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Print version ISSN 1413-8670
Braz J Infect Dis vol.14 no.1 Salvador Jan./Feb. 2010
Claudio Maranhão Pereira, DDSI; PhD Laura Guimarães MeloII; Maysa Milazzo CorreaII; Cármino Antônio Souza, MD, PhDIII; Maria Elvira P. Corrêa, DDS, PhDIV
IAssistant Professor in Oral Pathology, School of Dentistry, Paulista University, Goiânia/GO-Brazil and Assistant Professor in Pathology, Estácio de Sá University, Goiânia/GO-Brazil
IIDentistry student, School of Dentistry, Paulista University, Goiânia/GO-Brazil
IIIAssistant Professor in Hematology Ambulatory, Hematology and Hemotherapy Center, State University of Campinas, São Paulo, Brazil
IVAssistant Professor in Dentistry Ambulatory, Hematology and Hemotherapy Center, State University of Campinas, São Paulo, Brazil
HPV (Human Papilloma Virus) is one of the most prevalent infections worlwide. Oral HPV infection may be associated with different diseases of oral cavitie. Although oral HPV infection occurs frequently, it rarely causes lesions. An increased rate of oral HPV-induced lesions is observed in people with an impaired immune system. The most common conditions induced by oral HPV infection are focal epithelial hyperplasia, oral condylomas and oral papillomas. We reported a case of oral HPV lesion in a bone marrow transplantation patient with atypical clinical presentation and unexpected outcome.
Keywords: HPV, bone marrow transplantation, leukemia.
Human Papilloma Viruses (HPVs) are a large family of DNA viruses capable of infecting a variety of epithelial surfaces, including both mucosal and cutaneous epithelium. HPV is one of the most prevalent infections worldwide with several millions of new cases diagnosed yearly. There are more than 120 HPV types, and at least 30 of these have been detected in the oral cavity.1-3
Most often HPV lesions appear on the lips, but they have also been reported on oral mucosa, tongue, gums and palate. At the same time, it should be noted that oral HPV infections are mostly asymptomatic. Although oral HPV-related lesions are rare, they are mostly associated with genital HPV types.3,4
An increased rate of oral HPV-induced lesions is observed in people with impaired immune system, especially in HIV-positive individuals. The most common conditions induced by oral HPV infection are focal epithelial hyperplasia, oral condylomas and oral papillomas. Oral HPV infection has been found to be associated with some cases of oropharyngeal cancer, but it is not the main risk factor for this kind of cancer.3,5
Oral warts and papillomas in bone marrow transplantation (BMT) patients have been reported 1-3 years after the transplantation.4
We reported a case of oral HPV lesion in a BMT patient with atypical clinical presentation and unexpected outcome.
A 41-year-old man, with 5-year-old history of bone marrow transplantation, was referred to the Dental Service of Hematology Center/UNICAMP, on October 2001 for a routine check-up.
The medical history revealed that the patient received the allogeneic bone marrow transplantation (June 1996) from a human leukocyte antigen (HLA)-identical sibling, after a conditioning regimen with cyclophosphamide (Cph) and total body irradiation (TBI). GVHD prophylaxis was performed with cyclosporine A (CsA). On day 200 after the transplantation, following withdrawal of CsA, he presented extensive chronic graft versus host disease (GVHD) on the eyes, skin, lungs and liver. Complete physical examination, pulmonary function tests, complete blood counts, liver function tests, ophthalmologic examination with Schirmer test and biopsies from the face and the trunk supported the diagnosis of chronic GVHD. Treatment with oral prednisone 30 mg/day and CsA 250 mg/day was started, with improvement of the lesions and, the pulmonary and liver function after one month. CsA was tapered gradually until suspension on day 279 after transplantation. Oral examination was performed before the BMT, and he has been followed by the Dental Service of Hematology Center/ UNICAMP since then. The patient had no oral complaints and had only been submitted to periodontal treatment.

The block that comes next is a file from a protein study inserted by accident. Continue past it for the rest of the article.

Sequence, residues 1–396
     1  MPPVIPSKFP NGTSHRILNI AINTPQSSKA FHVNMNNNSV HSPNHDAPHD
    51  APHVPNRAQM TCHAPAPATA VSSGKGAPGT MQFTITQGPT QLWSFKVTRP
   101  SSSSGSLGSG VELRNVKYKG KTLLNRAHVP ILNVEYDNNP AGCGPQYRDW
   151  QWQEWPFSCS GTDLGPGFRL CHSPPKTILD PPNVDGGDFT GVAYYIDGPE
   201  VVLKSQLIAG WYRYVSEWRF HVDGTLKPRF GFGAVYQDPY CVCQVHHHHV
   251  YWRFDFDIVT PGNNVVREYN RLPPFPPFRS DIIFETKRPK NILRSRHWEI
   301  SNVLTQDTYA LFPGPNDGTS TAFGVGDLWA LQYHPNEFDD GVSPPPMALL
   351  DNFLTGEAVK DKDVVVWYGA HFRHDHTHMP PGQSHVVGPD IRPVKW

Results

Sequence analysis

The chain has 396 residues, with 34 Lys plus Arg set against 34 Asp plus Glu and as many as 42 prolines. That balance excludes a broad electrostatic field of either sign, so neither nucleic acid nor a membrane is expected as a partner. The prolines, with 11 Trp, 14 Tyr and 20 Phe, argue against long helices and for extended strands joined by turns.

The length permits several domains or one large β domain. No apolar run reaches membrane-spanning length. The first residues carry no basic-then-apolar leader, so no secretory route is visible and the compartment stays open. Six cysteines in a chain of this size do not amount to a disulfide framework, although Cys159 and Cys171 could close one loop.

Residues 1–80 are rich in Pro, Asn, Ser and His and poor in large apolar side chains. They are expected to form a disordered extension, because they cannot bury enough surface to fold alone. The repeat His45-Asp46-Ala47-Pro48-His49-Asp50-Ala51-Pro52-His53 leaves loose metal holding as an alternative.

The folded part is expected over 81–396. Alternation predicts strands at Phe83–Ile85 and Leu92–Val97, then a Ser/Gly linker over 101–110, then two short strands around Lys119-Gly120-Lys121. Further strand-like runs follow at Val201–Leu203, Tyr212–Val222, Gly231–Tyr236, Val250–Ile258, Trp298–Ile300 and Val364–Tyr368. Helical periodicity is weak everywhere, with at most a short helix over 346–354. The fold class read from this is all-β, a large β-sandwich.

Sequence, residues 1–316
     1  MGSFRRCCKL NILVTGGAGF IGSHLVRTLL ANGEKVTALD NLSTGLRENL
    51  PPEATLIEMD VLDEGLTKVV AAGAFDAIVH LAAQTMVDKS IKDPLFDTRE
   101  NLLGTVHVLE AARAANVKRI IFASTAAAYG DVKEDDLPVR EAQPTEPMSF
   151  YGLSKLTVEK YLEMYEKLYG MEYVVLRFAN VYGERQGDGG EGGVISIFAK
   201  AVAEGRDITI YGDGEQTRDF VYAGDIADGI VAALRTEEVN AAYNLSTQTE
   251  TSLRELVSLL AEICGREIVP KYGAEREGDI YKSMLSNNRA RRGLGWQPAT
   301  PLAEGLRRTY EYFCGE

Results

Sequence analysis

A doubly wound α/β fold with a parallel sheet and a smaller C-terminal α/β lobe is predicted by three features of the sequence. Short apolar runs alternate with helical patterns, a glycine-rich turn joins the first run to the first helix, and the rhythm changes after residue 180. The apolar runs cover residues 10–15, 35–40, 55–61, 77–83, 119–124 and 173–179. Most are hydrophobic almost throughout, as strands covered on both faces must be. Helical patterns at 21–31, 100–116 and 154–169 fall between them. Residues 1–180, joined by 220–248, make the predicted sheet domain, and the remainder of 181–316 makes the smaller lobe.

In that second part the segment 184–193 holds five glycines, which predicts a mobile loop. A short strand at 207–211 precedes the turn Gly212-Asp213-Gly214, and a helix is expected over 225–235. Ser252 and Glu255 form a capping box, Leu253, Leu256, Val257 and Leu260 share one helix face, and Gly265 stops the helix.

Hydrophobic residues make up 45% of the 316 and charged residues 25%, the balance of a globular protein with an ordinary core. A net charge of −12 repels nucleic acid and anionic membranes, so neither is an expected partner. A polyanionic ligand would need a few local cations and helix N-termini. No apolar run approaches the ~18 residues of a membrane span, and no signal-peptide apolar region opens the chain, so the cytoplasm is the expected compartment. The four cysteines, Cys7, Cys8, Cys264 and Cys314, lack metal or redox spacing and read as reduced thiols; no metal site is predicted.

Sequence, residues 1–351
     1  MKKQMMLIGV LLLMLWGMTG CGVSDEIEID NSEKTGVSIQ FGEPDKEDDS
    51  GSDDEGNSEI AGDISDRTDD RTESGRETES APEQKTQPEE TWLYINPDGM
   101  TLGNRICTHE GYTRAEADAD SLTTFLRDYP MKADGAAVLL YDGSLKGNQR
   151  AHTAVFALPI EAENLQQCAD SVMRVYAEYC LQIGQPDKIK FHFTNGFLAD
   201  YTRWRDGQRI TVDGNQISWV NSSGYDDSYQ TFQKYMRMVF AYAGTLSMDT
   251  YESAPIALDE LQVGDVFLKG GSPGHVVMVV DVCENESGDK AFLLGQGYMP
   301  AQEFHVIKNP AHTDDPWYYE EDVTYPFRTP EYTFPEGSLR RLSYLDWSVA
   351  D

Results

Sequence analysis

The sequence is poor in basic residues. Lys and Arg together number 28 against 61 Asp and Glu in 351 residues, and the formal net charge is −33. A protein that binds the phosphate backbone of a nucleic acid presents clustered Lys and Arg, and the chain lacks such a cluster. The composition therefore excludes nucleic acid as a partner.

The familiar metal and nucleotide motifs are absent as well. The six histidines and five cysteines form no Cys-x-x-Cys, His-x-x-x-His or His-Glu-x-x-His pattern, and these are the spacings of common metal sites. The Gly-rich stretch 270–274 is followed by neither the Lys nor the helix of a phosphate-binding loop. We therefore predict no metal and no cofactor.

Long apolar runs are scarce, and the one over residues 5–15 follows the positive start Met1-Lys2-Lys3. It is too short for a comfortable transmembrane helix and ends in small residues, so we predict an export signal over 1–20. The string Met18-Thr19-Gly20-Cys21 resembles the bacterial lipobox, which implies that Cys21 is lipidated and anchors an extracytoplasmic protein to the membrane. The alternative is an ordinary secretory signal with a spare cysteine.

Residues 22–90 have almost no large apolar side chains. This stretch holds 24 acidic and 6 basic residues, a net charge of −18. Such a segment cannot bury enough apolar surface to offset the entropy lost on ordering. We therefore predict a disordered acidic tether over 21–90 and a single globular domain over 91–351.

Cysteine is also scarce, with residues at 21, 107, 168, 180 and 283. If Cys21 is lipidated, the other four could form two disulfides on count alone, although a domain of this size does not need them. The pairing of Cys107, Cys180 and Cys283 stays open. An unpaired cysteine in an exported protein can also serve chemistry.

However, on October 2001, the oral clinical examination showed a white plaque on the left soft palate, with almost 3.0 x 3.0 cm of extension, firm, non removable and asymptomatic (Figure 1). At that time the patient didn't receive GVHD therapy because the disease was under controll, and there were neither quantitative nor qualitative alterations in his immunologic system.
A biopsy of the lesion was performed and the microscopic exam revealed hyperkeratosis, acanthosis, epithelium cells with picnotic and hyaline cytoplasm, the presence of vacuolized cells with eosinophilic intercellular inclusions and gross basophilic granules of keratohyaline, suggesting HPV infection (Figure 2). Data from immunohistochemestry tests confirmed the diagnosis of the HPV infection (Figure 3).
The patient was referred to the Dermatologic Service of Clinic Hospital/UNICAMP in January 2002 and was submitted to Nd:YAG laser for excision of this lesion because of the lower risk of bleeding compared to other surgical techniques. However, the final results were not as expected. The patient returned on April 2002 with a recurrent and exacerbated lesion. Clinic exam revealed the plaque on the left hard and soft palate covering also the alveolar ridges and gingival papilla, spread throughout an area nearly to 6.0 x 5.0 cm (Figure 4).
On June 2002 the patient returned for a follow-up visit and the lesion showed a spontaneous partial regression (Figure 5). However, the lesion has not been completely healed so far. The appearance of the white plate on October 2001 and the start of spontaneous regression of it on June 2002 occurred regardless with medical treatment or quantitative and qualitative immunological alterations.